This week’s guest speaker, Adam Bobbette, is a PhD candidate in the Department of Geography at Cambridge. He has taught architecture and history at the University of Toronto, and the University of Hong Kong. His writing has appeared in Witte de With Review, City, Forty-Five, the Journal of Architectural Education, and the monographs Architecture in the Anthropocene, and Jakarta: Architecture and Hypercomplexity.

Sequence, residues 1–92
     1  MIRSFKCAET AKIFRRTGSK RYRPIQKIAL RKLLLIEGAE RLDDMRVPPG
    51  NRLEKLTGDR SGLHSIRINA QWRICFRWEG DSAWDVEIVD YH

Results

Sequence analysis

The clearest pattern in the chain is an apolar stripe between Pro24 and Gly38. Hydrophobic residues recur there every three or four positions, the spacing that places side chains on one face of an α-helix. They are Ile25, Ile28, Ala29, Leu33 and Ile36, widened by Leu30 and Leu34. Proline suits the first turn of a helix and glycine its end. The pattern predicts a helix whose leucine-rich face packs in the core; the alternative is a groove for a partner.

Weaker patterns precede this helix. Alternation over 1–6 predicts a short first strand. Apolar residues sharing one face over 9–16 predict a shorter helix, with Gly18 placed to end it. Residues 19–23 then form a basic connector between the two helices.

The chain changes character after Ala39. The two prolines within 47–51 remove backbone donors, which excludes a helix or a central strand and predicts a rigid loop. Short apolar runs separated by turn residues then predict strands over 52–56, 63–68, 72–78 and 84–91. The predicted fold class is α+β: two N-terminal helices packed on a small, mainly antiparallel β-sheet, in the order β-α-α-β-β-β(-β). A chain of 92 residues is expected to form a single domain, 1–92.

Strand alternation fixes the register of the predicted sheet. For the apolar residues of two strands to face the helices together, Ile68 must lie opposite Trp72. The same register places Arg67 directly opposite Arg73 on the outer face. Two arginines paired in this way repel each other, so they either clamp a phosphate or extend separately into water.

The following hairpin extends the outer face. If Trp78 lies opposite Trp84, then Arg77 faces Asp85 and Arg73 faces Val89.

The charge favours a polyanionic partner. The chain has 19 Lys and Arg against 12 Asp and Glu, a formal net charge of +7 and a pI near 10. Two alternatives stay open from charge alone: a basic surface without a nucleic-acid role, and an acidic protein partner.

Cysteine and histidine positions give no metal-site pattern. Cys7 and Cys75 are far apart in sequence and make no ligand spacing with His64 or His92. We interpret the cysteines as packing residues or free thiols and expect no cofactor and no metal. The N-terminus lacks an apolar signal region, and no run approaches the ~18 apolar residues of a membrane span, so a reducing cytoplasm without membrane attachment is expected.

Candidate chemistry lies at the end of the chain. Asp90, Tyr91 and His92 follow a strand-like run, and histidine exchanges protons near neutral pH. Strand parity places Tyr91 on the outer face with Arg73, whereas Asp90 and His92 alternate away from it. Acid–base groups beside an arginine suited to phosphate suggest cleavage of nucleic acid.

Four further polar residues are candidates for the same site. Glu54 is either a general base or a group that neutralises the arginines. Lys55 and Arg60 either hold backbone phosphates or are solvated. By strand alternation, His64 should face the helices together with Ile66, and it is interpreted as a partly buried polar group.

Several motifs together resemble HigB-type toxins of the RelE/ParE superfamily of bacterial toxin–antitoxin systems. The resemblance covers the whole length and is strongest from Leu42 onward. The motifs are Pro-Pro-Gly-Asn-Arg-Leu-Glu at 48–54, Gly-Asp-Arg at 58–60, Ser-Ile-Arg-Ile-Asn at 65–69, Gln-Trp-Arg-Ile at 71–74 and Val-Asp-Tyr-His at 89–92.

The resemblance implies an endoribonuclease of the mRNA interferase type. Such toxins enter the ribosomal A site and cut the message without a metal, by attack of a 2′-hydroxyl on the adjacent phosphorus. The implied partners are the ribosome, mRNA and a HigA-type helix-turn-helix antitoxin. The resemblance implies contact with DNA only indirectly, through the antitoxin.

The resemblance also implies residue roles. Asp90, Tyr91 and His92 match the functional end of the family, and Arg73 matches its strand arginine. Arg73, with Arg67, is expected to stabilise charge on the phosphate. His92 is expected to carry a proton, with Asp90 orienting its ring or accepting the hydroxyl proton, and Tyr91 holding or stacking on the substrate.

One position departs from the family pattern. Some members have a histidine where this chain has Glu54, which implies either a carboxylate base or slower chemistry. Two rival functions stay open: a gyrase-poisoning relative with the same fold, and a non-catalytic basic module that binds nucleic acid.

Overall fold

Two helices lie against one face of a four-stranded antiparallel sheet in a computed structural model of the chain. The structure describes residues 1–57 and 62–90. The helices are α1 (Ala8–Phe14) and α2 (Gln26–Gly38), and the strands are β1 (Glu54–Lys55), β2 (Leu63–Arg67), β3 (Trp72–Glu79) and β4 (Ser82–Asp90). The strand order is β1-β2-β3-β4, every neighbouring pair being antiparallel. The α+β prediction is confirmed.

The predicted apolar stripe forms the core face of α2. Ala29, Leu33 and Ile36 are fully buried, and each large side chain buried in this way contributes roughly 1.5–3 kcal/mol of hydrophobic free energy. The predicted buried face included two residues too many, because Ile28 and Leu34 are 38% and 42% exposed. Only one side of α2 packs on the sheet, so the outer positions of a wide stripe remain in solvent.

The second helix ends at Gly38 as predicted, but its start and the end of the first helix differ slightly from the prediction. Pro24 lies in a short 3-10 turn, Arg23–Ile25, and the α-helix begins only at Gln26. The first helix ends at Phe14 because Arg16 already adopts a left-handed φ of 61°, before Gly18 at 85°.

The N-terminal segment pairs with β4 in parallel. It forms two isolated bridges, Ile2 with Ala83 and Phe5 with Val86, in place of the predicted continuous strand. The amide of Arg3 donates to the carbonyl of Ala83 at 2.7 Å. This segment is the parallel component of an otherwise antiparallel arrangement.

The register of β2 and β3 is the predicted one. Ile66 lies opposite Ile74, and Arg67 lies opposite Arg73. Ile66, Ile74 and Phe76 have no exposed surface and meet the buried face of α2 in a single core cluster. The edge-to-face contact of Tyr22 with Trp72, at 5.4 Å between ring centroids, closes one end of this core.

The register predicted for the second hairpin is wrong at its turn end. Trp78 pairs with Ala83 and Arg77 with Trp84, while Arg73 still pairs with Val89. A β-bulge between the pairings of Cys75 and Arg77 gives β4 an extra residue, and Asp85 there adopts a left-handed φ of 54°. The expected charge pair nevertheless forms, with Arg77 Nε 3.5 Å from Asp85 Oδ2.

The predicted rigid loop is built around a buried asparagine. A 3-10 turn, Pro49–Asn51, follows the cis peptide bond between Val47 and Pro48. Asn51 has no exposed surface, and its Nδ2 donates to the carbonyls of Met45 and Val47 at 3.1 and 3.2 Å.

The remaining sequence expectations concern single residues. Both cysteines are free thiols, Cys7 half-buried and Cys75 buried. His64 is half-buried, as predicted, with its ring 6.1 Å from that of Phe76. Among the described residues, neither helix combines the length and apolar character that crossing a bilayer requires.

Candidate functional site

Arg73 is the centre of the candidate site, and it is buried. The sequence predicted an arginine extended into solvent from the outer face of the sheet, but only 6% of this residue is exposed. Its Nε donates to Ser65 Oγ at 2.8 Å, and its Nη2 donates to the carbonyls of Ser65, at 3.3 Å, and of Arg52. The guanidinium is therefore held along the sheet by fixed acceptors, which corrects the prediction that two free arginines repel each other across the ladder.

This seminar will be about predicting eruptions on one of the worlds most active, dangerous, and populated volcanoes. But it is more generally about how we predict the future. Based on a year of fieldwork with scientists, shamans and anti-mining activists on Mt. Merapi in Indonesia, it will explore divergent practices of forecasting the future. I will cover seismology, spirit possession, spying, floating heads, and radical not-knowing, as ways in which forecasting enacts and choreographs futures. My research situates forecasting within broader concerns about how we make the uncertainty of nature liveable, for who and what.